Study: Present day clouds are different than pre-industrial ones
Before industrialization, clouds were likely quite a bit different than they are now.
This probable divide is making it difficult for scientists to model the impact of airborne particles called aerosols on clouds and thus the role they play in climate change.
According to a recent study by the Department of Energy's Pacific Northwest National Laboratory, researchers attribute this difficulty either to insufficiencies in the complexity of the climate models themselves or simply the prevalence of aerosols in the atmosphere due to pollution.
Aerosols have a profound impact on the formation and evolution of individual clouds. They can impact a cloud's brightness, lifespan and the amount of rain each cloud produces.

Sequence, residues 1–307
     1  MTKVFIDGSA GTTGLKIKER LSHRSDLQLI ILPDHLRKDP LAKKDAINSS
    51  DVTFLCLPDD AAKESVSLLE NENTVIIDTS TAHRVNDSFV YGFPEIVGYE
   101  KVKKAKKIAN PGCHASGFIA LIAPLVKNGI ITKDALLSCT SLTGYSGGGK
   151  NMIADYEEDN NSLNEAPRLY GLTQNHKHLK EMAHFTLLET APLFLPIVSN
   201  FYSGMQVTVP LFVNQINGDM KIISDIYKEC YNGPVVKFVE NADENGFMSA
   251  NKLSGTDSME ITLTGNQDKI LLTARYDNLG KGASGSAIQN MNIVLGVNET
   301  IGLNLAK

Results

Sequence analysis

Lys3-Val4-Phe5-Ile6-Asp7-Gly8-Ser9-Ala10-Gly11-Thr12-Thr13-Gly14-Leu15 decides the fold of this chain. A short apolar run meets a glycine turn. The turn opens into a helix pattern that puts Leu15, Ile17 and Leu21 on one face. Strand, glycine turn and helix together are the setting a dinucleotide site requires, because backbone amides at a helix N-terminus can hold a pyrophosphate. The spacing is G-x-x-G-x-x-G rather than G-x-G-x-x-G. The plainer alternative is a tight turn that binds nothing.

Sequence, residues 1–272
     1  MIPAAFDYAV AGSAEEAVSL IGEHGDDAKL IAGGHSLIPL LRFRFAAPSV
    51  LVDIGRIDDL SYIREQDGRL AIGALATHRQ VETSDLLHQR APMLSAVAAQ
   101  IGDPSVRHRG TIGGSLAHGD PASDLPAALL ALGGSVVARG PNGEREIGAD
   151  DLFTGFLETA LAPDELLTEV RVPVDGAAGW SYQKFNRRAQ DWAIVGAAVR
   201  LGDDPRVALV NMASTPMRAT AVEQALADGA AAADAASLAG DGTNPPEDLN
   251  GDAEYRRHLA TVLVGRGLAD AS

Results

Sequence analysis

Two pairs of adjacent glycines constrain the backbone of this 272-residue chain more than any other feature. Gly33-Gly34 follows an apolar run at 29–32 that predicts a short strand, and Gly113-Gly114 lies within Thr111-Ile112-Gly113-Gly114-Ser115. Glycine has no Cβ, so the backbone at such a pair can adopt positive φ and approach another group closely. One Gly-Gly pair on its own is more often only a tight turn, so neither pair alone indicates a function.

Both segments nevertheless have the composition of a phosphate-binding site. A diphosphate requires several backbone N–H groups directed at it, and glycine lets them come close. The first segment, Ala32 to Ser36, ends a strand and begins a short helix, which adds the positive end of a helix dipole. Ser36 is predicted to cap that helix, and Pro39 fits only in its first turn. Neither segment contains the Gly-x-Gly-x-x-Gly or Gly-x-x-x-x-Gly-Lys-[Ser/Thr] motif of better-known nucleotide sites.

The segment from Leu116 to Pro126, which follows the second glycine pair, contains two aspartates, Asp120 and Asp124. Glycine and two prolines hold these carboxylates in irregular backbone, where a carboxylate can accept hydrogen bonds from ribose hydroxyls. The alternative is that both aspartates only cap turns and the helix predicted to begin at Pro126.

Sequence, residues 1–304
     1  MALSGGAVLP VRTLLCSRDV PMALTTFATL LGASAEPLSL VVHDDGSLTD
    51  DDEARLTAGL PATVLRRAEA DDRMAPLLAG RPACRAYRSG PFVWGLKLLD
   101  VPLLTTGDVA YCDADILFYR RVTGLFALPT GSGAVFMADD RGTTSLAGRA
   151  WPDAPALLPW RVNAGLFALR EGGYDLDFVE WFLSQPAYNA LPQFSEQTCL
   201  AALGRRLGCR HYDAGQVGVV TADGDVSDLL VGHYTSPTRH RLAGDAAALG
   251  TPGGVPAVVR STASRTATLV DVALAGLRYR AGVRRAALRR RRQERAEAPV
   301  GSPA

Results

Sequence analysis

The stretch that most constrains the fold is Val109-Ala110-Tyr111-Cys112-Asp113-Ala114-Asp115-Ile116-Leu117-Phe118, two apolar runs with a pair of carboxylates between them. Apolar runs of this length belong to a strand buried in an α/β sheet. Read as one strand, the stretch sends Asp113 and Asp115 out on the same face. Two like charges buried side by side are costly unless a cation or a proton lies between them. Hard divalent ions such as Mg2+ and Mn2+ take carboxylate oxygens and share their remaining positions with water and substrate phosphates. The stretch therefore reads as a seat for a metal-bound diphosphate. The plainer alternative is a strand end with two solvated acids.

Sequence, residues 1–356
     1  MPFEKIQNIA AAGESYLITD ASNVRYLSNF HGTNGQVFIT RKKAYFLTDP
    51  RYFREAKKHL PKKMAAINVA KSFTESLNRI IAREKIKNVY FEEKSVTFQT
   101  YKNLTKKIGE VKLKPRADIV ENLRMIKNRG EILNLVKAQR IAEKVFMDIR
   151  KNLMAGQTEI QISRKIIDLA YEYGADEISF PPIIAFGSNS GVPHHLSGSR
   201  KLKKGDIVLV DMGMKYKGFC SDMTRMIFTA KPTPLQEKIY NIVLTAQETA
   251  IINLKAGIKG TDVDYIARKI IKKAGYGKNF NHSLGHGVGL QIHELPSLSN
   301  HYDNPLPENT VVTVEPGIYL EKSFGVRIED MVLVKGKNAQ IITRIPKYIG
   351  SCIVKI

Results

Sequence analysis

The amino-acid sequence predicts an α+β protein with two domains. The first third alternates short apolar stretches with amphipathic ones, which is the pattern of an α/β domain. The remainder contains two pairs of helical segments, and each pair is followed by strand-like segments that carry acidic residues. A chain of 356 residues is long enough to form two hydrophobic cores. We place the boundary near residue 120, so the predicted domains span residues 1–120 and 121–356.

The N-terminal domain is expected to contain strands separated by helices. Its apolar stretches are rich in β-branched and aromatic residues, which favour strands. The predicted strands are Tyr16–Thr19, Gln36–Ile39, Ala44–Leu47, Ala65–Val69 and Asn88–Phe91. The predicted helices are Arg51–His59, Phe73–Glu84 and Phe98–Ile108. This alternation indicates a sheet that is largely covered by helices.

According to a summary of the findings, "The physics and chemistry underlying these and other components mean scientists have to represent daunting complexity in models."
That complexity remains elusive yet indispensable for understanding climate sensitivity—a term that describes how easily the Earth is impacted by human-produced greenhouse gases. To fully understand it, scientists must account for many factors—including clouds.
Study author Steve Ghan noted one possible solution, saying, "We might have to find clouds far away from civilization. But, there are parts of the world that are pretty darn clean."
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